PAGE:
Police have yet to completely wrap their heads around modern iPhones like the X and XS, and that's clearer than ever thanks to a leak. Motherboard has obtained a presentation slide from forensics company Elcomsoft telling law enforcement to avoid looking at iPhones with Face ID. If they gaze at it too many times (five), the company said, they risk being locked out much like Apple's Craig Federighi was during the iPhone X launch event. They'd then have to enter a passcode that they likely can't obtain under the US Constitution's Fifth Amendment, which protects suspects from having to provide self-incriminating testimony.
There are ways around this system, whether or not they're ethically sound -- the FBI recently forced a suspect to unlock his iPhone X using Face ID. Some warrants can explicitly offer permission to use face unlocking. Many investigators won't know about the alternatives, though, and there won't always be an option to use the accused person's face. There's no guarantee other countries will allow forced face recognition, either.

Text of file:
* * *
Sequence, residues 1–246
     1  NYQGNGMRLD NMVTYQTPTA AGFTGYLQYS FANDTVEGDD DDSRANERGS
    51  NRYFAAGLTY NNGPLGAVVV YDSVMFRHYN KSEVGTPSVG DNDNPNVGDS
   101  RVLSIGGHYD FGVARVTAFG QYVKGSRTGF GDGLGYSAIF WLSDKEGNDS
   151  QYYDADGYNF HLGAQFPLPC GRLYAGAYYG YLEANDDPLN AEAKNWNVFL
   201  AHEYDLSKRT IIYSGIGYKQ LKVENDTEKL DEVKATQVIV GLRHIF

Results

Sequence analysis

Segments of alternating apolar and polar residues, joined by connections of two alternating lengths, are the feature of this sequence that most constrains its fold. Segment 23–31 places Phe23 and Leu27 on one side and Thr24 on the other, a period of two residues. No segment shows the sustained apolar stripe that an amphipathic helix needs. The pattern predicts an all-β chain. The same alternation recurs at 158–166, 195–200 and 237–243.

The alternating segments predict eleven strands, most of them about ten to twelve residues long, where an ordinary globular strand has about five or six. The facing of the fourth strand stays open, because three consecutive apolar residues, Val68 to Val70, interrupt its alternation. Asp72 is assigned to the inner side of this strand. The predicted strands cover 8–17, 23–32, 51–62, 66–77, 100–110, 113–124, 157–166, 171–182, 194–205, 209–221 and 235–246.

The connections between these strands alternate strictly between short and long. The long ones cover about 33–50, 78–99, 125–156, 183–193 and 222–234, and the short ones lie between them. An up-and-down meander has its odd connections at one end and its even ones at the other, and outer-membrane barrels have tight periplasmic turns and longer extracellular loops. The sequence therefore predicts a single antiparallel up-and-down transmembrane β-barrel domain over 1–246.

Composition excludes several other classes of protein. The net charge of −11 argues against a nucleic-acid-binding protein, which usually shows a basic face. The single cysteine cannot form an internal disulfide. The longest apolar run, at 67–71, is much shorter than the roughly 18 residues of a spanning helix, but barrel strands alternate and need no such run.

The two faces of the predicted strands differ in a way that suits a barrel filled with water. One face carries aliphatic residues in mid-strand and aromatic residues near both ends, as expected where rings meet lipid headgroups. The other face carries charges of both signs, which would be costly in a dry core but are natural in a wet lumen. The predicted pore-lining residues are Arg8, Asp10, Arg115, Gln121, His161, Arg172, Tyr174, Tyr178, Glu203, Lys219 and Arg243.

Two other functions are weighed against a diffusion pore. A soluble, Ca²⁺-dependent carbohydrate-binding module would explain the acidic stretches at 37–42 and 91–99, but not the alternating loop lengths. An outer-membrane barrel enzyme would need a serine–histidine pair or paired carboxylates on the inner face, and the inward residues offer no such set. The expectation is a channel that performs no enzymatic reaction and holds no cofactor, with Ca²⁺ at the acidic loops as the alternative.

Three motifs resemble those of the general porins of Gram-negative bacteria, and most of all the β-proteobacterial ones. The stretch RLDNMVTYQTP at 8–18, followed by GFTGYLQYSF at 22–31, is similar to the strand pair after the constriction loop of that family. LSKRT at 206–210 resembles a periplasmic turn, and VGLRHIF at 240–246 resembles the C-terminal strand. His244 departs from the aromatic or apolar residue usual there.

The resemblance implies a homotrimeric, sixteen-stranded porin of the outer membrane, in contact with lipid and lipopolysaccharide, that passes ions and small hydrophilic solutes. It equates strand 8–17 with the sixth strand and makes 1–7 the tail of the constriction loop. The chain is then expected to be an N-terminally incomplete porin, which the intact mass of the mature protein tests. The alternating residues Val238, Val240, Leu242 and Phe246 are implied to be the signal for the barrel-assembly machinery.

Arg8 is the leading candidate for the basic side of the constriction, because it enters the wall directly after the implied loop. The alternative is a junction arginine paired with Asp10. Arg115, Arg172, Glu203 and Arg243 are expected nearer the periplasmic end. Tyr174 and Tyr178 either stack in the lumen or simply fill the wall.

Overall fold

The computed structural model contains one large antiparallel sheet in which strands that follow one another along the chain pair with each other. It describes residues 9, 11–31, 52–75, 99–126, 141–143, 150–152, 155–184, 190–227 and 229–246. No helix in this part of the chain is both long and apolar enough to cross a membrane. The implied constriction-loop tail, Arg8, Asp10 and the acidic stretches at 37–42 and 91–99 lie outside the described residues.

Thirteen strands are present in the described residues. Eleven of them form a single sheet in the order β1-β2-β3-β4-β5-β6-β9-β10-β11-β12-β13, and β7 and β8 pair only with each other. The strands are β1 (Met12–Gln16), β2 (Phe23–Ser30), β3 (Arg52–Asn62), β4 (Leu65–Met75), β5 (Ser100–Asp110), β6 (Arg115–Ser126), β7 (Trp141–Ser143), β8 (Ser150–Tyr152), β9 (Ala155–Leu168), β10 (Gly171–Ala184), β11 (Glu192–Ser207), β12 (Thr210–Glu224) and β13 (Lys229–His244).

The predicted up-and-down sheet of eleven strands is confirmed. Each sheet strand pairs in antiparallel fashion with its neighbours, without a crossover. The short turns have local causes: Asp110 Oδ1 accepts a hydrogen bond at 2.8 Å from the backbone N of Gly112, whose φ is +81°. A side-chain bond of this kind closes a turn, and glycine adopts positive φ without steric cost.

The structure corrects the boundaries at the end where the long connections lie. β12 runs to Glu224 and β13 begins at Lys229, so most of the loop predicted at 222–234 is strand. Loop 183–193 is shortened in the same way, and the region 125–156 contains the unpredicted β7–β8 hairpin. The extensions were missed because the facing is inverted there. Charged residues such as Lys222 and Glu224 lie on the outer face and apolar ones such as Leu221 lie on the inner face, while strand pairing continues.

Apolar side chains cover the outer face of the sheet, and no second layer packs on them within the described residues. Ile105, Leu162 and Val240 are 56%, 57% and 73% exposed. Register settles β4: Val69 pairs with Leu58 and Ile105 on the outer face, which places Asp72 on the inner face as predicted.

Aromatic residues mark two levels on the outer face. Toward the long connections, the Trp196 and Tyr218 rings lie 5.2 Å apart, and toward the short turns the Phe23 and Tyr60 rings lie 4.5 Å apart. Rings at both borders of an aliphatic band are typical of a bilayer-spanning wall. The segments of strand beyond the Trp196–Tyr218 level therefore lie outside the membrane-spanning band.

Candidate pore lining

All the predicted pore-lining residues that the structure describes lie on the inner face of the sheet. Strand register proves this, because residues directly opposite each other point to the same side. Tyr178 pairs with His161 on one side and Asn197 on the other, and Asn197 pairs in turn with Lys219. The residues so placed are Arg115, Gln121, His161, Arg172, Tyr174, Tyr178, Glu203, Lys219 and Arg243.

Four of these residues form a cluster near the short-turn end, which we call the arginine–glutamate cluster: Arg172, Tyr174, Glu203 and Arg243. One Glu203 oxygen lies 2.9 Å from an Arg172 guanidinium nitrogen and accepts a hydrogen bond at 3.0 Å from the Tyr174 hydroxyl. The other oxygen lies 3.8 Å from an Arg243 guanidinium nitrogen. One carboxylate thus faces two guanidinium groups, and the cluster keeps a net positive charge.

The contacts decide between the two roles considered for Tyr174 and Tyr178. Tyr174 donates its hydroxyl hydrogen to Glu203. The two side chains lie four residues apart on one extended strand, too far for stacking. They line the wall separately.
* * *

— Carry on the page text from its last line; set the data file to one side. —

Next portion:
The slide also underscores the challenge face recognition poses for investigators, especially when there's no fingerprint fallback as with newer iPhones. Where it's easy to avoid accidentally triggering a fingerprint reader, you can inadvertently set off a system like Face ID just by raising or tapping the screen. Like it or not, officers will have to be much more delicate when they want access to recent handsets -- especially when they aren't guaranteed wired access.